On an earlier software version the computer actually logged the total number of strokes per pump per run and per season, with the intention of some "preventive" maintainance in replacing the ram "o"-ring and ball valves and, like you suggest, running the pumps evenly - this was getting a bit daft I thought. From an industry point of view though, one thing you don't want is your standby bit of plant to wear out the same time as the main plant. I've known some instances when some plant has only logged 20% running time and then had an overhaul, principly because you haven't the resources to overhaul every item at the same time. Different for aircraft I suppose!

Regarding the pipes being used. The flared pipes would be easier than using the pipe nipples and silver soldering them on. Beware that even this small pump of mine can deliver 300psi or more!


The drawings that I have done myself won't scan very well since the lines are very fine.

I have however produced a set of typed sequential instructions that I use in the workshop, since I have built a number of the pumps for experimenting with. I'm afraid the measurements are in metric and imperial, since the metal stock is in imperial and the workshop lathe and milling machine are in metric. The instructions are three pages long and may be more suitable as a personal message than in the open forum.

With this type of pump it is very easy to get air trapped inside so causing the pump to fail. To get around this problem stainless steel blanks are fitted just above the ball valves to take up the volume that the air would have used. The blanks can also be machined to limit the lift of the ball valves. The ball valves make a seal directly with the brass body without the need of "o"-rings.

The batteries are oversized for the job they do. I could use much smaller ones for a days steaming, but the larger batteries are also used as ballast.

Ian
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Xtian29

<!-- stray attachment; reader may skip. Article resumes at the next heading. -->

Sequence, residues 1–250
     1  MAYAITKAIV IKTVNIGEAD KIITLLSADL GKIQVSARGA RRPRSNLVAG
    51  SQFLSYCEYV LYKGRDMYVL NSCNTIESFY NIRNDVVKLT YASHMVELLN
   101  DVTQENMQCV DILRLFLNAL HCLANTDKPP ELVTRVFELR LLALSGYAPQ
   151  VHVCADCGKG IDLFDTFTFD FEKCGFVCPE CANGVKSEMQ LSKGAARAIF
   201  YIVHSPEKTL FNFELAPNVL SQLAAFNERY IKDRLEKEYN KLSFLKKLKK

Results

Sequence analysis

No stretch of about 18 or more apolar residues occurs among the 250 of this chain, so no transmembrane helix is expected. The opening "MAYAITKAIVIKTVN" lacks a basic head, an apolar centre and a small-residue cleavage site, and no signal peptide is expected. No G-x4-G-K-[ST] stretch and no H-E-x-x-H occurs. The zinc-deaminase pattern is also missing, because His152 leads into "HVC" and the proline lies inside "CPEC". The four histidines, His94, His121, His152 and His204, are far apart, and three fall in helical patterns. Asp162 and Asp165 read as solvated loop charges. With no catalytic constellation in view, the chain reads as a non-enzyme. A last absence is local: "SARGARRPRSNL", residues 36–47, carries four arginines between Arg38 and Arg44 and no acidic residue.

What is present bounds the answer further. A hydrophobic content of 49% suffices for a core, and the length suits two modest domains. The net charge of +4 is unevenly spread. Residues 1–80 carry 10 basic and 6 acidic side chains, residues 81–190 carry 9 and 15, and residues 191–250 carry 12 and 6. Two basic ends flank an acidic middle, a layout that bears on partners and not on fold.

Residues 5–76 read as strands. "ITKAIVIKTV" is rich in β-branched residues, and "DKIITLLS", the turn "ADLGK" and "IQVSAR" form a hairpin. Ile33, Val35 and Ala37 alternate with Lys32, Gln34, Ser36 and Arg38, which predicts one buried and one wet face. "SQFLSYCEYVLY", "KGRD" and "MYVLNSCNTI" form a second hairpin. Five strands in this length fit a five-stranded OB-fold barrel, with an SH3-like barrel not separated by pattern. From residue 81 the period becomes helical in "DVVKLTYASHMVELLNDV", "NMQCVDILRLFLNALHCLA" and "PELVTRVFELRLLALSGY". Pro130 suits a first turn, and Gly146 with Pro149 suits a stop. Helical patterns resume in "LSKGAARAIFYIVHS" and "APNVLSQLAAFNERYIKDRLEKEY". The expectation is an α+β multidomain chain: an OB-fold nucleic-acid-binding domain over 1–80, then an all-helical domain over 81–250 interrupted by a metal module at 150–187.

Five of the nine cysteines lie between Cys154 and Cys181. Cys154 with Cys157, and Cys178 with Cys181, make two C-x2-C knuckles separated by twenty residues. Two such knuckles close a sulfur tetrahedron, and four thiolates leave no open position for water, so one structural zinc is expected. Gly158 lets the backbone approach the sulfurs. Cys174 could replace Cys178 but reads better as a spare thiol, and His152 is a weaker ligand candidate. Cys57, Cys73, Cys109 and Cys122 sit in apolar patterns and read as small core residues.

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Re: Flash steam plant control.
« Reply #212 on: August 30, 2011, 07:09:29 PM »

Hi Ian,

The drive couplings you have on your pumps are called "Oldham" couplings, unless I am mistaken, and you have made rather small and neat ones compared to the ones I can see are commercially available at RS. hence "micro Oldham"

I would gladly receive sequential instructions in a PM  :} It keeps me away from the telly....
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Xtian29

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Re: Flash steam plant control.
« Reply #213 on: November 25, 2011, 05:58:14 PM »

I was wondering if there is any update on the magazine article?

At the moment, I am tarting about with the peristaltic pumps I have designed and built for my brewery, and their performance leads me to wonder if they could be used as boiler feed pumps?

The tube I use in my brewery pumps is 15mm ID 3 mm wall soft silicone, and it would be a good idea to test what sort of pressures can be developed if the tube size is drastically reduced to say 1 or 2 mm ID, using the stuff that is used as model aircraft fuel line. The limit will be the burst pressure of the tube....

 I would not be at all surprised if the pressure these simple pumps can produce is quite high, and given that there are no pistons to lubricate, or valves to get blocked, and they are self priming, it may be worth investigating, but if they were indeed a viable option , surely someone would have done it by now!! Has anyone seen mention anywhere of such tests?

While building the brewery and making beer remains the highest priority, I will try to do some testing on a little pump sometime soon to see what pressure they will pump to!

Rog.
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Xtian29

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Re: Flash steam plant control.
« Reply #214 on: December 21, 2011, 04:51:06 PM »

It seems the magazine article will be in the February edition of engineering in miniature magazine. The Jan edition is out now, so start looking in a few weeks.